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Virginia Tech tells parents of minor alcohol offenses

At Virginia Tech, where tailgating and raucous apartment complex parties are time-honored rituals, university officials are turning increasingly to Mom and Dad to curb problem underage drinking.

This semester, the school in Blacksburg, Va., began notifying parents when their under-21 students are found guilty of even minor alcohol violations such as getting caught with a beer in a dorm room.

Although it's common for colleges to alert parents of major alcohol offenses - or when a student faces suspension - Virginia Tech is part of a small but growing number sending letters home on minor ones.

"I think it helps students open up to parents," said Steven Clarke, director of Virginia Tech's College Alcohol Abuse Prevention Center. "And parents can be helpful in setting boundaries students might need."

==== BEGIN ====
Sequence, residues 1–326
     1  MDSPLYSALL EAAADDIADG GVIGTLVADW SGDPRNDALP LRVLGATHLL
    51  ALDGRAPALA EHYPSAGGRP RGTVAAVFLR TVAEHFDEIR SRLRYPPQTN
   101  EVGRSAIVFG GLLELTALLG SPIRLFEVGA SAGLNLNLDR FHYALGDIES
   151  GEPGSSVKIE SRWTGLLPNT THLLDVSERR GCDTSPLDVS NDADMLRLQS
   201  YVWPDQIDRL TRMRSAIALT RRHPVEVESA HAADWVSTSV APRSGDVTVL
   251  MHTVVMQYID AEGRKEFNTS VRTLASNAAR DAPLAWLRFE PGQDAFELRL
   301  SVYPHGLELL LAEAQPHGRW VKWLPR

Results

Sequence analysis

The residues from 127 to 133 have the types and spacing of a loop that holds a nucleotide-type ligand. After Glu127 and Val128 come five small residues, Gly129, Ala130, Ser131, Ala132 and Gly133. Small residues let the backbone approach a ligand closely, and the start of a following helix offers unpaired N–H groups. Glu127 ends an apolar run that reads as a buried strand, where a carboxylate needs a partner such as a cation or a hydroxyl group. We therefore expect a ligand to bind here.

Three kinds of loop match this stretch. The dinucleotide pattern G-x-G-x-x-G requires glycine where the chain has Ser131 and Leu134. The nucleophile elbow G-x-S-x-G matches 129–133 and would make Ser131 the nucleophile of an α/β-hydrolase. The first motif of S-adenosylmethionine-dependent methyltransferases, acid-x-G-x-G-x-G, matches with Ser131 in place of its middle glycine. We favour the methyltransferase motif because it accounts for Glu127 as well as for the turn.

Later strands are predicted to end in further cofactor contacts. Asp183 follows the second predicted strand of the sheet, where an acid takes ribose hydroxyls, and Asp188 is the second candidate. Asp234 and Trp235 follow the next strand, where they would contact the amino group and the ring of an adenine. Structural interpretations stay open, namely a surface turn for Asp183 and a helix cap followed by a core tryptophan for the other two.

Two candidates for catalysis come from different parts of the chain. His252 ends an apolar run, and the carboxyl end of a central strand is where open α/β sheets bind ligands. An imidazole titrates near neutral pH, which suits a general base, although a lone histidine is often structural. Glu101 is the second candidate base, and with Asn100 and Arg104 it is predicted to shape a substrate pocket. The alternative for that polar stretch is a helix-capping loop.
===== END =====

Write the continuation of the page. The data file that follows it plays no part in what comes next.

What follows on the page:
The student reaction to the policy change, not surprisingly, has been less than enthusiastic.

"If you have one beer in the dorm and you get caught, I don't feel like parents should be notified," said Erik Pryslak, a junior engineering major. "Now that we're all in college, we're all adults. It's kind of your responsibility to take care of yourself."

Some universities already have found success in alerting parents earlier. The University at Albany, N.Y., has seen a decline in repeat offenders since it began notifying parents of under-21 students of minor alcohol violations four years ago, said Laurie Garafola, director of residential life.

"I don't send many second letters out to parents," she said.

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